Part I begins with Mary Oliver’s ‘Lies, Lies, It’s All Lies I Tell You!’.Oliver returns to her personal history of performance art and 1980 when she responded to an open invitation to be part of the international performance art festival in Innsbruck and Living Thing by the artist group Reindeer Werk led by Dirk Larsen and Tom Puckey. The work consisted of simply ‘living’. In relation to this and other historic events, Oliver considers the value of the artist’s work that struggles to achieve museum status in the coded systems of display. She asks whether a live act is secondary to the document, and if no document is left behind, what is the place for such work in the history of art.

Pip Laurenson and Vivian van Saaze in ‘Collecting Performance-Based Art: New Challenges and Shifting Perspectives’ discuss historical barriers of collecting non-material and live performances. The authors consider live works acquired into Tate’s collection, which have found forms to exist over time. Laurenson and van Saaze ask what are the skills needed for enactment. Whilst the non-materiality and liveness of performance may seem inherently challenging to a museum collection, this chapter reconsiders this assumption and the points of friction in the art world that is object-bound and focused on the art market. They suggest that the challenge has been a process of active engagement – the networks which support the work and the sector’s dependency on social and political context, people, resources and other transitory circumstances outside the museum. This, for the authors, contradicts the museum’s tendency for containment and control.

Maria Chatzichristodoulou [aka Maria X] considers the shift that has occurred in the status of performance and live art within the mainstream art context in the last decade. Art forms based on liveness have moved from the periphery to the centre through the programming of major cultural institutions. Maria X asks whether performance still continues to challenge the established art world and market as it did in the 1960s and 1970s or whether its new status reflects changes in the market that have allowed or ← 4 | 5 → even promoted this shift. Reflecting on this new status, Maria X considers how digital performance has been received by institutions and the performance world, problematized by the challenges of the new digital category.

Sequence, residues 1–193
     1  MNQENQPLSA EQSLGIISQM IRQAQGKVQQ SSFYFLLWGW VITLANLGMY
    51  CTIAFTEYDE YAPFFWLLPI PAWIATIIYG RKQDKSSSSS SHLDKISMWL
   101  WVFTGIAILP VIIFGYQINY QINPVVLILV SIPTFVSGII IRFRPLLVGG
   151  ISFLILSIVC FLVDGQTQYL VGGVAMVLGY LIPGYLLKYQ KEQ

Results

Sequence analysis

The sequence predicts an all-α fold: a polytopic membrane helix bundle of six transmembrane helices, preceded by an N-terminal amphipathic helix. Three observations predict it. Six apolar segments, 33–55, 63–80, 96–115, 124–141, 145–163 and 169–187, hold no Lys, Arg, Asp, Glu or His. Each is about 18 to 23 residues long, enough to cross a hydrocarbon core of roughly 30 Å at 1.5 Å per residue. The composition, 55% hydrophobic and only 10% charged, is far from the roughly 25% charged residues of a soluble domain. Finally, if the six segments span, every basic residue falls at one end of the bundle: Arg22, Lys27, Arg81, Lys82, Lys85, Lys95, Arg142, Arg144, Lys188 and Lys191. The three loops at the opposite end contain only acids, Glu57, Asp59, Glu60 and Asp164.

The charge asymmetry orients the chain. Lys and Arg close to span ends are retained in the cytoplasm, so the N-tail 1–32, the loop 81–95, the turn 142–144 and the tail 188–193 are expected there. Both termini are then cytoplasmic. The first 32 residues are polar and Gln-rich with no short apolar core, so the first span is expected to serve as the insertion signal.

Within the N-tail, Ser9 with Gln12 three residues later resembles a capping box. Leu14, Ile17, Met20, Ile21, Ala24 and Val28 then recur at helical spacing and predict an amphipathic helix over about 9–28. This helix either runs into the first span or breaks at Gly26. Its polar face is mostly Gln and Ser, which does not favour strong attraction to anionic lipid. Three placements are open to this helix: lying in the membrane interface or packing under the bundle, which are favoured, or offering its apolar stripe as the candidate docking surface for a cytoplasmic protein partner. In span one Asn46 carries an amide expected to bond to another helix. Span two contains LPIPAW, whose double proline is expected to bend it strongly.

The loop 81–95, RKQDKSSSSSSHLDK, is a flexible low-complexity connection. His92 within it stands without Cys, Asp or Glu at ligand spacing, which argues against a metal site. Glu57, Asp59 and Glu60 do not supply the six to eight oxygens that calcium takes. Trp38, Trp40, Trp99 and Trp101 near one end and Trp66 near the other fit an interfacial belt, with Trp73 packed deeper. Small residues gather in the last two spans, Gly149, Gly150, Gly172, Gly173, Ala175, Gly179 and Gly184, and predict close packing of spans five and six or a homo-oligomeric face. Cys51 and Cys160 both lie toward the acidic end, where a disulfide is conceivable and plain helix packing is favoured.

X, 258
ISBN (Softcover)
Publication date
2013 (December)
art history liveness museum
Oxford, Bern, Berlin, Bruxelles, Frankfurt am Main, New York, Wien, 2014. 258 pp., 4 coloured ill., 11 b/w ill.

Biographical notes

Outi Remes (Volume editor) Laura MacCulloch (Volume editor) Marika Leino (Volume editor)

Outi Remes is the Gallery Director of the New Ashgate Gallery, Surrey. She is the author of many publications, including Conspiracy Dwellings: Surveillance in Contemporary Art (with Pam Skelton, 2010), and the curator of numerous projects, such as the Rules and Regs live art residencies and the At Play exhibition series (with Cally Trench, 2009-12). Laura MacCulloch is Curator at Royal Holloway, University of London, where she is responsible for a collection best known for its nineteenth-century paintings. She began working with contemporary art during her time as Curator of British Art at the National Museums Liverpool, where she curated exhibitions by the winners of the Liverpool Art Prize and acquired works by artists such as Haroon Mirza, Lubaina Himid and Yoko Ono. Marika Leino is Senior Lecturer in the History of Art at Oxford Brookes University. She has written on early modern sculpture and the history of collecting. Her book, Fashion, Devotion and Contemplation: The Status and Functions of Italian Renaissance Plaquettes, was published with Peter Lang in 2013.


Title: Performativity in the Gallery